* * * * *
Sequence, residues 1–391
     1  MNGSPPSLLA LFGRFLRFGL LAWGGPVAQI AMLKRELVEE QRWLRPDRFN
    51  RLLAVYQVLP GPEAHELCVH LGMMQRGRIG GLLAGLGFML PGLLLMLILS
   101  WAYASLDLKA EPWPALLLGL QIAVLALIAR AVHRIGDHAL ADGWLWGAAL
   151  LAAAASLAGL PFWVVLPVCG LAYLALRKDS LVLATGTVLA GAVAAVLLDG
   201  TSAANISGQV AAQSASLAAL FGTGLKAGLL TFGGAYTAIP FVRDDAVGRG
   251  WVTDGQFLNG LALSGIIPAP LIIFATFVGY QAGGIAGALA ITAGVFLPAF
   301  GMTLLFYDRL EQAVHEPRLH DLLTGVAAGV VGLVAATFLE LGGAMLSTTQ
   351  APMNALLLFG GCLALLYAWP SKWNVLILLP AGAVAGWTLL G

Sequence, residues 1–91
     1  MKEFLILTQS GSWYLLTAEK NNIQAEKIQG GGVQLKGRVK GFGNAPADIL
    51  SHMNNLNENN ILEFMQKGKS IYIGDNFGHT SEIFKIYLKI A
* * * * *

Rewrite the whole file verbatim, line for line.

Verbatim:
Sequence, residues 1–391
     1  MNGSPPSLLA LFGRFLRFGL LAWGGPVAQI AMLKRELVEE QRWLRPDRFN
    51  RLLAVYQVLP GPEAHELCVH LGMMQRGRIG GLLAGLGFML PGLLLMLILS
   101  WAYASLDLKA EPWPALLLGL QIAVLALIAR AVHRIGDHAL ADGWLWGAAL
   151  LAAAASLAGL PFWVVLPVCG LAYLALRKDS LVLATGTVLA GAVAAVLLDG
   201  TSAANISGQV AAQSASLAAL FGTGLKAGLL TFGGAYTAIP FVRDDAVGRG
   251  WVTDGQFLNG LALSGIIPAP LIIFATFVGY QAGGIAGALA ITAGVFLPAF
   301  GMTLLFYDRL EQAVHEPRLH DLLTGVAAGV VGLVAATFLE LGGAMLSTTQ
   351  APMNALLLFG GCLALLYAWP SKWNVLILLP AGAVAGWTLL G

Sequence, residues 1–91
     1  MKEFLILTQS GSWYLLTAEK NNIQAEKIQG GGVQLKGRVK GFGNAPADIL
    51  SHMNNLNENN ILEFMQKGKS IYIGDNFGHT SEIFKIYLKI A